The stock market values Dell Computer at more than Ford and General Motors combined.

Now that Chrysler has become a German company, more or less, that makes Dell, in Wall Street’s current estimation, more valuable than the entire U.S. auto industry.

Indeed, you can add American Airlines, United Airlines and Federal Express to the balance — and, oh, what the heck, throw in the New York Times Company, too — and still DELL outweighs them all.

(To see this graphically, click SCALE on the menu bar above. Not all the companies I’ve mentioned show up on SCALE’s prepackaged check-list, but you can add them. Or — easier — just take my word for it.)

Is it possible this valuation makes sense?

I am short a few shares of Dell — but very few, because I generally lose a lot of money shorting stocks and because Michael Dell is a lot smarter than I am. (Not that I’ve noticed him buying shares at this price.)

Dell is of course just one of hundreds of examples of how Wall Street today values exciting young companies — and Dell is way far from being the youngest or most exuberantly valued. It is one of the most solid of the techs, with more than $20 billion in annual sales, well over $1 billion in profits, and a trailing-year’s price/earnings ratio of barely 80 or so. (Normally, one would consider 80 phenomenally high. But Yahoo, which also has earnings, and already has 100 million users, sells at 1,800 times trailing-year’s earnings. And tiny upstarts like Amazon, of course, have no earnings. I am short a few shares of these, also.)

Compare Dell with Procter & Gamble. Both sell for just above $50 a share; but because Dell has nearly twice as many shares outstanding, investors are valuing the company at nearly twice as much (2.5 billion fifty-dollar bills instead of a mere 1.25 billion of them).

I’m just old and boring enough to think that Procter & Gamble here — down dramatically after announcing that a hoped for 9% profit jump would more likely be an 11% profit decline — just might represent an opportunity.

But I’m really an amateur at this stuff compared to some folks who know who really do their homework, and do it for a living.

I had lunch Sunday with just such a friend. He’s a modest but highly successful private money manager whose photo you may have seen over the years in Barron’s. He and his partners take just a few positions and wait. Although past performance is no guarantee of future results, after their past performance they don’t need any future results.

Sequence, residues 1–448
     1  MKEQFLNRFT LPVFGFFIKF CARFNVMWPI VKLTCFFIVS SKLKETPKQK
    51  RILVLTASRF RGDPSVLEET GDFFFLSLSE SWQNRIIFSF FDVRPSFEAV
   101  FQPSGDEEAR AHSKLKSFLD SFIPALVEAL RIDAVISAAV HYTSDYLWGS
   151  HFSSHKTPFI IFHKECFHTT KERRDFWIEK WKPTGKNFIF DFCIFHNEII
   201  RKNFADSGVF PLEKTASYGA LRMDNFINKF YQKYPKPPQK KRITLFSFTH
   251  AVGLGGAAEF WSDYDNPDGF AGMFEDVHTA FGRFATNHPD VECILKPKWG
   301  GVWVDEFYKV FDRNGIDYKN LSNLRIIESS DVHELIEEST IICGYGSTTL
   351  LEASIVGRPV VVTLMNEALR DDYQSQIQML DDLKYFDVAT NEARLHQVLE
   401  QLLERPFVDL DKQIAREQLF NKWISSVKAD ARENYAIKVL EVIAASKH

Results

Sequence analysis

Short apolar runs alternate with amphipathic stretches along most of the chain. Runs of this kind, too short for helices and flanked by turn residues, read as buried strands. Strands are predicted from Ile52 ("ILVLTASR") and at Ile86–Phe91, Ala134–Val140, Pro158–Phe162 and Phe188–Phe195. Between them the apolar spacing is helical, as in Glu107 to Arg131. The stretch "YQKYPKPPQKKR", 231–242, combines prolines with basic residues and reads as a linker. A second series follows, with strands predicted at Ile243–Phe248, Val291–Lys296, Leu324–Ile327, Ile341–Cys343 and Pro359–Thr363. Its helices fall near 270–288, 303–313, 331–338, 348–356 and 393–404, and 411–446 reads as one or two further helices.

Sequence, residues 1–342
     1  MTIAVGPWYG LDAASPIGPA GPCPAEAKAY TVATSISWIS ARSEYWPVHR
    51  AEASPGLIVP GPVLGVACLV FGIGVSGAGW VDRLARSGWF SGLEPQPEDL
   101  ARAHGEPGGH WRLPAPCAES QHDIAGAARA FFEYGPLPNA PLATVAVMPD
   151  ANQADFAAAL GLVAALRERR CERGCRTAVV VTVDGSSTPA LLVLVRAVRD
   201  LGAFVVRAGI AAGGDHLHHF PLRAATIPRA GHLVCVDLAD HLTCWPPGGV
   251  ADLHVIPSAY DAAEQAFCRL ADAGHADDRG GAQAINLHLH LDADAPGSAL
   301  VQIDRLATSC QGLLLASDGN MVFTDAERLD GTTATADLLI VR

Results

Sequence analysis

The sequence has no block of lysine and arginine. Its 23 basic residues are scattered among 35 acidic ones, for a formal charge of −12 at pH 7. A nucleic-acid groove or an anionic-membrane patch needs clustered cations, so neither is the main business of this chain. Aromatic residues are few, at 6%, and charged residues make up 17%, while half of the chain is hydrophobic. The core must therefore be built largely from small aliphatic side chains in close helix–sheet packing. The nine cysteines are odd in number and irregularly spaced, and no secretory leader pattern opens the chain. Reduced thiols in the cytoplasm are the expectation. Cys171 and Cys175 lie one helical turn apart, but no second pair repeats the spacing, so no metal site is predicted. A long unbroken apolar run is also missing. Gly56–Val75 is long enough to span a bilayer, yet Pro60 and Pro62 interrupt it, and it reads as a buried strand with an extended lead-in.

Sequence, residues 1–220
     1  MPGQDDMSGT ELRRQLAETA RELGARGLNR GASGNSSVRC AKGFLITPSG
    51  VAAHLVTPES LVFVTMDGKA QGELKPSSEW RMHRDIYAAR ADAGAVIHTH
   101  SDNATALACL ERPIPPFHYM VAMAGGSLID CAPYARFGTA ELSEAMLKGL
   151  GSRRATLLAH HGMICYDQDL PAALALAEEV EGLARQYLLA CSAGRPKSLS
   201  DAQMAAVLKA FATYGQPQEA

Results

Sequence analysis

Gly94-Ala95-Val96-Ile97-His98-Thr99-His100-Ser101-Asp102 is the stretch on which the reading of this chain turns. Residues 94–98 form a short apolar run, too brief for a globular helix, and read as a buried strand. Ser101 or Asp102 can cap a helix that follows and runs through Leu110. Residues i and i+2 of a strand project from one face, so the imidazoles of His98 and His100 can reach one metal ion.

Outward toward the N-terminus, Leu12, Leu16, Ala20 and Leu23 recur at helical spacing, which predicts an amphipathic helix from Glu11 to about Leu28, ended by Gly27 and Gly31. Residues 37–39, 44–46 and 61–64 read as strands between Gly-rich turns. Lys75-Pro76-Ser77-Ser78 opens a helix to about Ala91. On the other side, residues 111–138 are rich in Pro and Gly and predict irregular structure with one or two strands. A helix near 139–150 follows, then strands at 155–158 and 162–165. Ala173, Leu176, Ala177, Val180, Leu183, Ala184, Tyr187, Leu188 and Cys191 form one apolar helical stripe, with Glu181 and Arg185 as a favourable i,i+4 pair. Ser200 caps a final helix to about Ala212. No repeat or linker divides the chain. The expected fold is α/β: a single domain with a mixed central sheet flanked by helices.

But I do, so I asked my friend what he liked.

He gave me five stocks that he’s been buying around these levels. For those of you who prefer buying-and-holding individual stocks rather than mutual funds — thereby to save the annual expenses and control the tax consequences — you might consider adding these to your portfolio. I did.

The first two, Yankee and Blyth, YCC and BTH, make candles.

No, I am not kidding, and neither was he. Candles, he says, are hot. People buy based on appearance and scent, not price, and they are buying in smartly sharper quantities each year. It’s a decor thing. My friend likes vanilla in his office and “fir” at home. (And this is a straight friend, no less.)

Now, you may be quick to say, who could possibly want to make money in candles when you can lose it on, say, candles.com? Losing money the new way is so much more exciting — and for now, at least, so much more profitable — than making it the old-fashioned way.

But for starters, both of these stocks — and the other three as well — are selling near the bottom of their 52-week ranges, which in the days before “momentum investing” would have made them interesting because they are cheap. (Now, the interesting stock is the one that’s just tripled, and thus has momentum.) And there are a lot of other reasons my friend likes these five stocks, about which he waxes eloquent.

The other three are General Dynamics, Jones Apparel, and US Bancorp — GD, JNY and USB.

My guess is that if you put a bit of money into these five . . . perhaps a quarter of it in the candle-makers and a quarter in each of the other three . . . and if you waited a few years . . . you’d have more money than if you bought five of today’s high-flying new economy stocks. You know: the kind that money managers today say are “phenomenally expensive” but buy anyway because, they say, “you just have to own them.”

PS – I have been wrong before.

PPS – The advantage of owning the stocks directly — creating, in effect, your own Personal Fund — is that if one tanked, you’d sell it for a tax loss (possibly buying it back after 31 days, if you think at this lower price it has become an even better buy). And if one tripled, you might use it, not cash, to fund your charitable giving (assuming you had held it at least a year — and believe me, no one of these five is likely to triple in under a year). I’m still a great believer in no-load, low expense mutual funds. But especially in a taxable account, there’s a strong case to be made for owning stocks directly — unless you’re cursed with a gambler’s addictive personality.

PPPS – I just checked, and there actually is a candles.com. I guess I shouldn’t be surprised. What’s more, it seems to be a very nice site, from a company called Wick’s End — and for all I know it’s making money, not losing it. But I do know this: for every single candle they sell at candles.com, somebody has to make a candle. So at least some of the profit to be earned in candles may ultimately come from making them, not dot-comming them.

 

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